The following is really only a draft (from 15th Dec 2016) but prompted to post after seeing this tweet exchange today:
Very true – fake news a powerful tool in the Early Modern period, esp news relaying behind closed doors conversations or information leaks. https://t.co/fqu1lgx9g1
â” Dr Joanne Paul (@Joanne_Paul_) January 8, 2017
The post-truth age traced back to the 17th century https://t.co/k73iqJlx49
â” Andrew Muter (@andrewmuter) January 3, 2017
I’ve reacted against this “post-truth” meme, that somehow we’ve morphed into a world where lies have replaced truth, where “fake-news” has displaced facts, and that this is something new and real.
In fact all that is new is that ever more ubiquitous media clamour for our attention byÂ turning every topic into a battle between polarised opposites. Polemics have always been part of debate, but debate and reality have always been more than a choice between fact and fiction, and fiction has often contained more valuable truth that facts. As old as history in fact. All that’s new is the ever expanding ubiqity of media and the crowding-out all but extreme opposites and sensationalÂ interpretations. Memetic click-bait. There have always been headlines – the original marketing click-bait – but now some expect headlines and 140 char tweets to be a valid summary of the story or …. get out of my sight, scroll on.
Interesting how many “BTL” comments and social-media threads spend time debating “but that headline is false, it doesn’t reflect the content of the story and reference material”. Well no, but now you’ve linked to it, it’s the content we’re supposed to be evaluating. It’s the content the writer put their effort into. We’re increasingly meta about the motives in the media messages – second-guessing agendas than we are concerned with the content. We’re in danger of seeing the medium asÂ the only message.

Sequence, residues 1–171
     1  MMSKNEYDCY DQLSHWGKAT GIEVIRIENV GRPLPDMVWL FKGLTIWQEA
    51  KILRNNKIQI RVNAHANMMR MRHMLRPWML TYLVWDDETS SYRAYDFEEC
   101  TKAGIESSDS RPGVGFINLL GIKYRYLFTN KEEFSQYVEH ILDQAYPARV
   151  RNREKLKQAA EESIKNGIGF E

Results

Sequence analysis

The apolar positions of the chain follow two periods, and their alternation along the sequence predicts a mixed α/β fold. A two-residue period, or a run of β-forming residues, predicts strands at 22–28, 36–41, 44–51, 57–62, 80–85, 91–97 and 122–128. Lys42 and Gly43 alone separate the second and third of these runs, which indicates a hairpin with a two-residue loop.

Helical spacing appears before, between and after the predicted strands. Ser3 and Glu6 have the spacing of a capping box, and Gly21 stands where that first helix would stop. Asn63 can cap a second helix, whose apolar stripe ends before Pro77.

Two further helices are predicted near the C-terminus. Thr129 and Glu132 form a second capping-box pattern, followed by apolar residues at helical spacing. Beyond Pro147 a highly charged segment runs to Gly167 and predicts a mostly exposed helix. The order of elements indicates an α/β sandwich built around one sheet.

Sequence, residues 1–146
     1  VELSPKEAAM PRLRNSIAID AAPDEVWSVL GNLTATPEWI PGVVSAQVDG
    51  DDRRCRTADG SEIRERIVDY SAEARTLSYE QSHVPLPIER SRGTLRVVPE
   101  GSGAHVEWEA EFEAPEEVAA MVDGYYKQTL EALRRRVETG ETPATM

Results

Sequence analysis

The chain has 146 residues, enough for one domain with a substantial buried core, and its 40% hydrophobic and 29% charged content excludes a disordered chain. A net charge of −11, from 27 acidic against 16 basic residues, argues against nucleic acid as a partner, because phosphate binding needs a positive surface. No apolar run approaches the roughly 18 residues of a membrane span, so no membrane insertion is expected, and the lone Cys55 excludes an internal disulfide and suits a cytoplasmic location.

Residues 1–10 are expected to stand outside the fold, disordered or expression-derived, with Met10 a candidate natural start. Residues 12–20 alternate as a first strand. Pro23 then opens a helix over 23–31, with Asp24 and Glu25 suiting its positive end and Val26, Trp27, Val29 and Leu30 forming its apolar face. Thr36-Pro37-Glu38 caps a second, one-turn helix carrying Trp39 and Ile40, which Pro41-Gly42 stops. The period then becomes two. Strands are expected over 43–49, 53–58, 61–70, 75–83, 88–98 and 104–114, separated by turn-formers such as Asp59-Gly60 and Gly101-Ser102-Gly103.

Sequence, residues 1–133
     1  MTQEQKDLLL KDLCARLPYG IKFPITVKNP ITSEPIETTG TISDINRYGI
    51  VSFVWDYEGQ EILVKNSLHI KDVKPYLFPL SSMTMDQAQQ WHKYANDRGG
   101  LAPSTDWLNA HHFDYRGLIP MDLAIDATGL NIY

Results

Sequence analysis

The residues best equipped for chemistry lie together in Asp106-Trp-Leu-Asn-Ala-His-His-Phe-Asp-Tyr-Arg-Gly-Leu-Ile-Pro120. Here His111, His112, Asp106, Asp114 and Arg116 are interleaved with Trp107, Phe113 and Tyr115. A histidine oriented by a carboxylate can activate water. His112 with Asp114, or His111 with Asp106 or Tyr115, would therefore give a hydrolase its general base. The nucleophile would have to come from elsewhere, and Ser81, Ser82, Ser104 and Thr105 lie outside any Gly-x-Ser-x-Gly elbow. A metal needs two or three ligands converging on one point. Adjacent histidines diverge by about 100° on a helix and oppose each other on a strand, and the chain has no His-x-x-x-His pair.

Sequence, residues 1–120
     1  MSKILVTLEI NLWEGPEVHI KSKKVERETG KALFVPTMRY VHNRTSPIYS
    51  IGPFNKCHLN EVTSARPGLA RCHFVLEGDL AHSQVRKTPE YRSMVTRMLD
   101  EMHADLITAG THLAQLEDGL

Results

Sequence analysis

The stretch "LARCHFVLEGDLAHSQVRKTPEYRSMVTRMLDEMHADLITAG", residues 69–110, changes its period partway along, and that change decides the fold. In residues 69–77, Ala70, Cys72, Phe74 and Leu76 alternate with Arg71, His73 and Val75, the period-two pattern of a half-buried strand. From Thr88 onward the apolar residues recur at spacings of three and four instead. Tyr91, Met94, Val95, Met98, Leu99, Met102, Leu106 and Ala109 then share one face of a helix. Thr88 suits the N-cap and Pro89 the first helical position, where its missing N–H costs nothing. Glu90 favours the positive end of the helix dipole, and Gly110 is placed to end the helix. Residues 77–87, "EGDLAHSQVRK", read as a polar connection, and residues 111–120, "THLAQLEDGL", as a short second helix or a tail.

In fact we’re in a world where we no longer understand what truth and reality are. The only test being if it’s not a true fact it must be false. That’s never been true, except for abstract objects confined to some logical truth-table.
[Post Note: This piece from Peter Pomeranstev writing at Granta on “Why We’re Post Fact”. Hat tip to Terry Waites posting on Agora Critical Thinking’s Facebook page.
It’s a good piece, a good summary of the situation we’re talking about, and Pomerantsev draws heavily on Svetlana Boym’s work amongst others. Reinforces my view that what’s changed is the technology, which is not to blame the technology, but recognise that the technology exposes the underlying human reality. As he says in conclusion “an audience which has already spent a decade living without facts can now indulge in a full, anarchic liberation from coherence.”
I might reword “a decade living without facts” as “decades forgetting what truth is” – losing our gripÂ on the necessary balance of facts and stories that make up truth. All truth is made up?]